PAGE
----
Again he didn’t even pause, “My career started as a cop. I worked in undercover narcotics and one thing was true about every person I arrested – they were great story tellers.  They could have made millions as authors of fiction. Most people tell great stories – I don’t pay attention to the story, I look for the facts (the behaviors). It is just as true in business. That is why I am patient.  I hear the stories but I look for the track record.  This is why I will get to CEO role – I can separate the stories from the facts.” He paused for a moment and continued, “I recognized early on that technology was changing the way we did everything. I asked for an assignment in our IT department then I learned everything I could about technology and systems. I completed a degree in statistics and finance and I leveraged these at Lehman Brothers. I understand how to package business and to create systems to maximize it.”

I was enjoying the pace of the conversation, but I still saw that there was more to pull out of him – more about leadership. “You are clearly driven, so when you finally arrive at the top position how will you define success?” I asked.

He paused on this question.  “You are really perceptive,” he said.  He thought for a moment.  Then he continued, “I will be different than the c-suite leaders I have seen so far.  In my view the three most important things a C-suite leader has to pay attention to are: (1) numbers – always know what makes the business successful; (2) technology – most leaders lose touch with technology and when they do in this day in age they loose touch with their business; (3) people – they are the ones who make success happen.  A leader can’t ignore the people who make it happen. Too many C-suite leaders I have seen treat people as though they are mere automatons.  Without people things don’t happen – a leader has to appreciate and recognize the efforts of those around them.”

As he finished his thought his associate entered the bar. We made introductions and they congratulated me on our fortieth wedding anniversary and they left for dinner – I went to find Janice.

I did observe that his last statement gave him an “aha” moment and gave me the information I was looking for. His initial description of his work in acquisitions seemed devoid of the human side. This struck me as odd because his demeanor and the way he greeted me when I entered the lounge was much more engaging.  What I saw in his response was a growing integration between the demeanor he demonstrated and his approach to analysis.  His demeanor inferred an intuitive grasp on people dynamics. He elaborated on this a little more when he talked about patience. The more he moves his intuition toward an explicit understanding and integration the stronger the leader he will become.  In fact his aversion to the impersonal CEO model indicated that he had started down this very road.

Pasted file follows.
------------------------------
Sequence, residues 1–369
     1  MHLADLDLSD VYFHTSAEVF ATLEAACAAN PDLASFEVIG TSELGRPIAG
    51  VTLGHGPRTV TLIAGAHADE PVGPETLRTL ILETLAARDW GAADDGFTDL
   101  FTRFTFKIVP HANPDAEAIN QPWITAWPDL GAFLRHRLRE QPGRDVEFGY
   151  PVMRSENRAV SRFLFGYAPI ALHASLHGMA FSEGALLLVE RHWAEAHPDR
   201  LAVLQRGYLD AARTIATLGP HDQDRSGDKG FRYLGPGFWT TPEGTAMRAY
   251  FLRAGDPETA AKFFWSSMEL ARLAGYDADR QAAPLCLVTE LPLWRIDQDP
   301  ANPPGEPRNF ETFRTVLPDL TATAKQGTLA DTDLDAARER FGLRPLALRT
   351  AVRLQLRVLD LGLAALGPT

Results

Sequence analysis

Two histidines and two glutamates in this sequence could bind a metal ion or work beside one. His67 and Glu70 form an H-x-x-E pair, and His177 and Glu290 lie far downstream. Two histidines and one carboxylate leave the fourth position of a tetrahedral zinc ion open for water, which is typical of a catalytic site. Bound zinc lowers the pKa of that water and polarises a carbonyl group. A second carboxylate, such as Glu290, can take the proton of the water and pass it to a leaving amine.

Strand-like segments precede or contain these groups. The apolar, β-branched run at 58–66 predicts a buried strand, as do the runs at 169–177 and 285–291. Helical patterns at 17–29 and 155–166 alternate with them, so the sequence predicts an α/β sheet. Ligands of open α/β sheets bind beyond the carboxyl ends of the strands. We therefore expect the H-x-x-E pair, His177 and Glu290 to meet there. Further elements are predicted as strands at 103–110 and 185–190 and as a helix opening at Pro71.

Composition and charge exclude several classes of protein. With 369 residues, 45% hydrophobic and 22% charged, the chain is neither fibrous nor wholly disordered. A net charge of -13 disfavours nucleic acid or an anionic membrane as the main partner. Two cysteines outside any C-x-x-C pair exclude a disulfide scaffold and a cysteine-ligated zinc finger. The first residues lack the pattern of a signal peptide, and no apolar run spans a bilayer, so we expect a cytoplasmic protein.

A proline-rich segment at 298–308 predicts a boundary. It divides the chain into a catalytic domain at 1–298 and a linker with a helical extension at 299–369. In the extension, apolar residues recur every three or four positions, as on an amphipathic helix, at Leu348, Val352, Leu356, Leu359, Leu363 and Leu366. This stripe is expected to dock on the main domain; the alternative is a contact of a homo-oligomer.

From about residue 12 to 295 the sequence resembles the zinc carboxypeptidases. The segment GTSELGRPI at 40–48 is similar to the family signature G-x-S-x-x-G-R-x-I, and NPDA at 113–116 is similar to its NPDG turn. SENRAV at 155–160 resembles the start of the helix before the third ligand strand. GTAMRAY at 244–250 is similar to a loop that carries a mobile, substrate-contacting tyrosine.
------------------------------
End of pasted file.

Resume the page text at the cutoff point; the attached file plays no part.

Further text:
So, what did I learn? I will spend more time in the numbers. I don’t have a finance background but I have collected some business acumen along the way and I am committed to adding to it. I also learned that leaders who exercise awareness of their own emotion learn more about the people they manage. My friend at the bar inferred his own frustration at being depersonalized when he described the short-comings of the CEOs he has worked with. Because he is willing to learn from his experience by openly contemplating his own emotion and experience he has arrived at a clear differentiation between highly effective and moderately functional CEOs.

What have you learned along the way in your career?  Are you as articulate as this young man in outlining what you have learned?  This young man took our conversation as a learning time just as much as I did. He gained insight into himself by the questions I asked. My questions led him to consider his experience from new perspectives.  I noticed that he was ready to engage conversations as learning tools but he also was ready to engage the conversation as an interview. I have noticed over the years that true leaders have this dual approach to conversation. Because they are learning every conversation potentially expands their knowledge.  Because they are interviewing they find opportunities others never see.

How do you approach conversations with total strangers? The next time you meet a stranger – ask some key questions.  Pay attention to the insights you pick up along the way and watch for opportunities. Most of all, have some fun – we did.